Only part of Moroto town has tarmac while most of the roads are murram. Our respondents observed a number of potholes on most roads, rating the town at an unflattering 7.7/10.
The town is a buzz of activity, that is probably why many respondents (74%) said the town was noisy. The main cause of noise here include traders, boda boda riders, motor vehicles and taxi operators. Despite this, 79% of the respondents believe there is a noise control programme.
The town has two planners, two health inspectors, two engineers, two lands officers, two education officers and two environment officers.
Residents fill skips with human waste in Kyegegwa
Out of the 19 boreholes in the town, only two are functional
Although all the respondents have not seen animals loitering in town, Kyegegwa, being a young town, is faced with challenges of population growth.
By Stephen Ssenkaaba and Rogers Sunday
Kyegegwa’s busiest street. Photos by Rogers Sunday
IT is one of those towns that you hear very little about. But Kyegegwa is on its steady way up. Born only four years ago, the town, carved out of Kyenjojo, now boasts of a population of 25,000 people and growing.
While this portends progress, it also highlights major development challenges seeing as there are not enough facilities to support growth.
The town does not have a garbage dumping site. As a result, all rubbish is dumped in open spaces from where the garbage truck picks it for disposal at Katente garbage bank. Authorities have identified six open spaces where people dump the garbage, but these are not appropriate for dumping garbage.
Before these places were identified there were garbage skips in town, but were withdrawn by the town authorities saying the residents were misusing them.
Out of the total budget of sh448m only sh335m is generated locally. The rest is obtained from the central Government. According to Friday Kyomya, the town clerk, sh12 million (12%) is spent on various sanitation projects. But this needs to be increased once funding is secured.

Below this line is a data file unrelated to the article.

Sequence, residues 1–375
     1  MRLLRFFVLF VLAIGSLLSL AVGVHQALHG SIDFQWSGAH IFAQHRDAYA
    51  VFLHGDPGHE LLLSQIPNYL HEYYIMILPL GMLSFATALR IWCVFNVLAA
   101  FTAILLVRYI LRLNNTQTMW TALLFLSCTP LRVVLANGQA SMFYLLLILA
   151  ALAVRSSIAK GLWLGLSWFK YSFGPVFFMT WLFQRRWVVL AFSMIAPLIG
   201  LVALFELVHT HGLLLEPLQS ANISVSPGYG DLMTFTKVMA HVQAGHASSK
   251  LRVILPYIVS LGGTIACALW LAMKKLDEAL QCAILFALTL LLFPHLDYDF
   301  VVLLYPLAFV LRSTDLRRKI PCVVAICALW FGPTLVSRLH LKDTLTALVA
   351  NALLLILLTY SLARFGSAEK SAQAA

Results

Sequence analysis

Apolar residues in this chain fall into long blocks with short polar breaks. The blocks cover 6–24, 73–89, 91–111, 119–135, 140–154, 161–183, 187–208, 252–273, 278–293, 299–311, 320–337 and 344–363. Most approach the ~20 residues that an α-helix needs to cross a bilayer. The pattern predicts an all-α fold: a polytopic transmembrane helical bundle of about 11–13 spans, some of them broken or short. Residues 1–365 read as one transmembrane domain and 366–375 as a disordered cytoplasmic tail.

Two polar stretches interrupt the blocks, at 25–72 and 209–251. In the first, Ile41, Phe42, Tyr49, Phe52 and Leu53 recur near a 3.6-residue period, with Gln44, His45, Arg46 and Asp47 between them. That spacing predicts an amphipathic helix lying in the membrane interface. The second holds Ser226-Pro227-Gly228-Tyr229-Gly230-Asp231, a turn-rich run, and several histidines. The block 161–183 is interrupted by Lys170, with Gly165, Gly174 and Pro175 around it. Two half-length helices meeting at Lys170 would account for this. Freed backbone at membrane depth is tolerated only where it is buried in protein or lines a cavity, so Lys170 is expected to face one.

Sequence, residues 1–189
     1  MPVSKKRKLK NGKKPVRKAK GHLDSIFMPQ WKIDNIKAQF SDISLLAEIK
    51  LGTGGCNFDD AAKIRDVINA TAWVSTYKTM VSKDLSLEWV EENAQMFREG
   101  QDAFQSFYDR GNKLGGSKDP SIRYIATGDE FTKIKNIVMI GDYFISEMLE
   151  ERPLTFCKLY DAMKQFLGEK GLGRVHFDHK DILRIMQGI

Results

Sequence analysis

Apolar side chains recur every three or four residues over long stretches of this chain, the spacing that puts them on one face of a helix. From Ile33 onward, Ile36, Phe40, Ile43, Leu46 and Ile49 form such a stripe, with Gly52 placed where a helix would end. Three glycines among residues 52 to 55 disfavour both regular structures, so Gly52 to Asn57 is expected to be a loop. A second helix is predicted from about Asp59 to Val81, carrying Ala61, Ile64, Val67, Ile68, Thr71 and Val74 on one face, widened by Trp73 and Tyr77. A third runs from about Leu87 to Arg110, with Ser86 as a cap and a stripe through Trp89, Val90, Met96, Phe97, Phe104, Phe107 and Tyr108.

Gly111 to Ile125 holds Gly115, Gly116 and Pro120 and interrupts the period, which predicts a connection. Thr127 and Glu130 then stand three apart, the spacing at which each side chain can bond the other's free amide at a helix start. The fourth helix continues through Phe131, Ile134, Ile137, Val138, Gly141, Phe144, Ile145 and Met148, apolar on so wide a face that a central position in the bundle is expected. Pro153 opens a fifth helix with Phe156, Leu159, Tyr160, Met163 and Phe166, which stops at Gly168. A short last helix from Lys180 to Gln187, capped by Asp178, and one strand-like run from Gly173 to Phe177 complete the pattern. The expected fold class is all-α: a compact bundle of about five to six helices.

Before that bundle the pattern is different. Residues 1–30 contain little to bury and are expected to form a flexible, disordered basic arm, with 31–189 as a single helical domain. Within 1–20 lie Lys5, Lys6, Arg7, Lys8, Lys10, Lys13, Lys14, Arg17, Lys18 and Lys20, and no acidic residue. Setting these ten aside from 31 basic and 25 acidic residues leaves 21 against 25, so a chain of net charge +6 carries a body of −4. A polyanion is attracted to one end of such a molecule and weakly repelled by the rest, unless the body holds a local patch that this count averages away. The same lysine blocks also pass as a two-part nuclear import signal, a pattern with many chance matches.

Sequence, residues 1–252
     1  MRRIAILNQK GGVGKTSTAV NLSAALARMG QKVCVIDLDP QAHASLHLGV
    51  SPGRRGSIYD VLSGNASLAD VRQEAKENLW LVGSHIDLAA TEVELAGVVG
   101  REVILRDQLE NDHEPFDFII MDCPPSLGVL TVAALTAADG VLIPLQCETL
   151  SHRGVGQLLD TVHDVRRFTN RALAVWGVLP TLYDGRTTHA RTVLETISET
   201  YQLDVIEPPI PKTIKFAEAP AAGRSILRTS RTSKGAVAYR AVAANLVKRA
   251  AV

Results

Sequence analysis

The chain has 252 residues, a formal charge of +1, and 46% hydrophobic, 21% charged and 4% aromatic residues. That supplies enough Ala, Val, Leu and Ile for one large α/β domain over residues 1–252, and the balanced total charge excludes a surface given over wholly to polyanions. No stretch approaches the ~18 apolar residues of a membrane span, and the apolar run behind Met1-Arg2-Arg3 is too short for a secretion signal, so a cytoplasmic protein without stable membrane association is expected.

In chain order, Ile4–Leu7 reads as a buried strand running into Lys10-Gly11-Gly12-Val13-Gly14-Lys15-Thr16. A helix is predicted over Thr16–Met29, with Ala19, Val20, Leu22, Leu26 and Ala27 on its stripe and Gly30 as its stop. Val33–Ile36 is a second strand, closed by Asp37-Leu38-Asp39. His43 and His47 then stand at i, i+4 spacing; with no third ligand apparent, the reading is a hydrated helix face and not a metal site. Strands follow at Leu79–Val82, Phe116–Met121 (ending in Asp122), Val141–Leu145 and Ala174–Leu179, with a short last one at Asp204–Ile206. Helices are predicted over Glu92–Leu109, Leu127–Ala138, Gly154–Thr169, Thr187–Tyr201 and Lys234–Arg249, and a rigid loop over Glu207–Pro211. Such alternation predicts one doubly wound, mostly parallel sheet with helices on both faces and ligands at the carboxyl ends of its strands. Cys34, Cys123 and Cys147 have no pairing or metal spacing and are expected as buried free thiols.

These and more issues were echoed in a recent Vision Group survey. The survey carried out from August to September sought to get the views of the residents on the cleanliness of the town. The poll reflected people’s feelings on waste management, public toilets, maintenance of green spaces and sewerage issues.
The poll indicates that residents are generally dissatisfied with the cleanliness of the town. All respondents gave the town a below average rating of 4.2/10 on cleanliness.
While all respondents said they had seen a dustbin in the town before, they thought the available dustbins were insufficient. Most of the dustbins were seen in shops, meaning that public places did not have the needed bins, which potentially increased chances of littering the town.
All the respondents have seen someone litter the town in the past three months. All of them also believe the town is polluted. A whole 48% said they had done nothing to improve the cleanliness of the town.
Public toilets still pose a big sanitation challenge to this town. All the respondents said the toilets here were dirty, giving the town a measly 1.8/10 score. On average, people have to pay sh143 to access these toilets, way beyond the means of most residents.
Sanitation highlights of the town
We would like to hear from you
-Vote for the cleanest town and give reasons.
-What should we do to improve sanitation in Uganda’s towns?
-What can you do as an individual to keep your town clean?